What’s the difference between Edward Snowden’s leak and the recent reveals of hacked DNC emails? While the press has eagerly dug into both, cybersecurity expert Jonathan Zittrain says:
“There’s enough injustice and wrong around the world and at home that handwringing about the leaked email of public servants or other notables may seem overwrought… [But] To bless it is to condone vigilantism, or intrusion by other states into our own citizens’ private affairs.”
He provides the example of a White House staffer whose entire personal email archive – which contained no criminal or political information of value – was released onto the web. This breach is in a different category than the leaks from Snowden or Manning, which revealed institutional issues in the public interest. And according to Zittrain, that difference should be reflected in the way media treats the material.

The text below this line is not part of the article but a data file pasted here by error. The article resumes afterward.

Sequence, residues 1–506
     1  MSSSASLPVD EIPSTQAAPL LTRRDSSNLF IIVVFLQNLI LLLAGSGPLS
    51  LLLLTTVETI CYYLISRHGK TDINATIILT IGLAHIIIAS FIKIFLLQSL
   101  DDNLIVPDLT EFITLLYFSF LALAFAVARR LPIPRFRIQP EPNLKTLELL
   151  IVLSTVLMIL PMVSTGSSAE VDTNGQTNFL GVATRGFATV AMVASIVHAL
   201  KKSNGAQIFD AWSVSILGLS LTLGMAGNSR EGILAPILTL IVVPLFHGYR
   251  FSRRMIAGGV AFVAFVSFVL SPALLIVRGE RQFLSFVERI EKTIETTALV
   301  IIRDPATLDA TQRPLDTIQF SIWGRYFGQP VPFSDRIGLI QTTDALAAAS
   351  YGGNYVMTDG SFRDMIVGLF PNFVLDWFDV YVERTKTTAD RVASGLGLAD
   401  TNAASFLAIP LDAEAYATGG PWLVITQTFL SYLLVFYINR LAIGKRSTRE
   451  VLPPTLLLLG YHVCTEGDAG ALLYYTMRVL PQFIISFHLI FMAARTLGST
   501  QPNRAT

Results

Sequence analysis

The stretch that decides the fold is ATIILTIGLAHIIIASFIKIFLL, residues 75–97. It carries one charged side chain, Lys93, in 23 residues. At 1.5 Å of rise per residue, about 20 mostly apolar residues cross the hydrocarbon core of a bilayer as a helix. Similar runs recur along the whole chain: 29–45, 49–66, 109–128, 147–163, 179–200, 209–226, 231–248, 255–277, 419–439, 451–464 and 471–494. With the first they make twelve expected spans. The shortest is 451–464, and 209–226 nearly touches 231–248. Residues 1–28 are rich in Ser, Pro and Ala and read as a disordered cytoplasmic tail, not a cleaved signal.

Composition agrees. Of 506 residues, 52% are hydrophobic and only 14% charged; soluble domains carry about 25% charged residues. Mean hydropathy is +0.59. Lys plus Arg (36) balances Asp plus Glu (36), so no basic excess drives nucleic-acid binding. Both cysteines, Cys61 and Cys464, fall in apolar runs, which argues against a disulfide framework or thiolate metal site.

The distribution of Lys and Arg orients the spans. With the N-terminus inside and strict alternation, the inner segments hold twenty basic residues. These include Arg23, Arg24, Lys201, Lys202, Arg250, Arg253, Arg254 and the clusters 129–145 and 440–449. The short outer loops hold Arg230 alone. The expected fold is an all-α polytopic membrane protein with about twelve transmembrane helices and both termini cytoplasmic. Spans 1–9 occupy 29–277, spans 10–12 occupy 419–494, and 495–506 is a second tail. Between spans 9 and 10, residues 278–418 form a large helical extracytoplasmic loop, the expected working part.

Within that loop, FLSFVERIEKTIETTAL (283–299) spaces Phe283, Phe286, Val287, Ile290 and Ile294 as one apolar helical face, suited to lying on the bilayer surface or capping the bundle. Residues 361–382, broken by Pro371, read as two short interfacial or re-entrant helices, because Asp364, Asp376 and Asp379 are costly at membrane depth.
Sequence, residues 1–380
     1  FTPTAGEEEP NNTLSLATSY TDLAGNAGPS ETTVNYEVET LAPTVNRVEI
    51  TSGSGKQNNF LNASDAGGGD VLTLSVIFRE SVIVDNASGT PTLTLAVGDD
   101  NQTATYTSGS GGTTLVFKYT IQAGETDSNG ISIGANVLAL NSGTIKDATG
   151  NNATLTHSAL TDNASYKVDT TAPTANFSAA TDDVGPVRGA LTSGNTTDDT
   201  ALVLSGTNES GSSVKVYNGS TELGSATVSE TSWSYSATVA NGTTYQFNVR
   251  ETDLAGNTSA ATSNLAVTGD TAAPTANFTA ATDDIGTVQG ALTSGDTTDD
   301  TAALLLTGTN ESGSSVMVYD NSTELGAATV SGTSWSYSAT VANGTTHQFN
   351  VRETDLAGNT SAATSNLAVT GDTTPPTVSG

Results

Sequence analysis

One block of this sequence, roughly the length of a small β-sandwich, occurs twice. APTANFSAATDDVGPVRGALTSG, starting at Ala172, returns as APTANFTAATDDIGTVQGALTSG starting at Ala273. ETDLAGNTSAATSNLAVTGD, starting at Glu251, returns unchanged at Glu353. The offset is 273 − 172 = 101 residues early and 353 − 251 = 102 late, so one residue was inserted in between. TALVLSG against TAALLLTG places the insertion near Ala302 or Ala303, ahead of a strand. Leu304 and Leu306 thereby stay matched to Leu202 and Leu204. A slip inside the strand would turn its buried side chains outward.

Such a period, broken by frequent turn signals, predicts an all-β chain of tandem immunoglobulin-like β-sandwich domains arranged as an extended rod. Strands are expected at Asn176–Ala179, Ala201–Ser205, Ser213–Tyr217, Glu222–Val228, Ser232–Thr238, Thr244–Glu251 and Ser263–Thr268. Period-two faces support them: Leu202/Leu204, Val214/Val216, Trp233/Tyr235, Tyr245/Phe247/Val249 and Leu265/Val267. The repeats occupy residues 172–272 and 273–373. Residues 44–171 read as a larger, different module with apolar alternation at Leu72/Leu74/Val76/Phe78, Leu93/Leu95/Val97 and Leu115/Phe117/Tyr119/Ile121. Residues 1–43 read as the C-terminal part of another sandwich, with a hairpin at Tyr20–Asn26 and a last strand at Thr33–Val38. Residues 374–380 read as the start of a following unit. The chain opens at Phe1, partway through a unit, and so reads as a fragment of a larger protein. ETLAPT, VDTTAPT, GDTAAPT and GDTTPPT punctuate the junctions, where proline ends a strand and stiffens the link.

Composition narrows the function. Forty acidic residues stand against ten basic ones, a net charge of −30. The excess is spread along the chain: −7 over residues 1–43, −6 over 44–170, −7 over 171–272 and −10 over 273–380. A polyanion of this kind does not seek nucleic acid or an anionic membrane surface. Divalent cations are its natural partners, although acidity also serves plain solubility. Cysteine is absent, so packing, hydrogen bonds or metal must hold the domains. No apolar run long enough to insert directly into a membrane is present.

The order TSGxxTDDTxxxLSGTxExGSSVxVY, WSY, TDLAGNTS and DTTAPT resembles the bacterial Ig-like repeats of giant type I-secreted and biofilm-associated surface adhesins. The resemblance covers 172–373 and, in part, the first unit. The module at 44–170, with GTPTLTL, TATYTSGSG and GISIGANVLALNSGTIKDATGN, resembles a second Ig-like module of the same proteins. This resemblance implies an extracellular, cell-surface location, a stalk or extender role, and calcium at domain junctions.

In short, if private citizens are now vulnerable to having their online accounts broken into and reported on for merely being associated with public institutions then everyone else is in danger as well. A Harvard professor of International Law, Policy & Computer Science, Zittrain anticipates that eventually the ethical distinction between hacking public and private figures will disappear, and we could find ourselves in a society where repressive self-censorship is the new normal. He compares the hacking of private citizens to the consumption of “fast food,” with similar “longer term effects on the body politic.” Read the entire article here.
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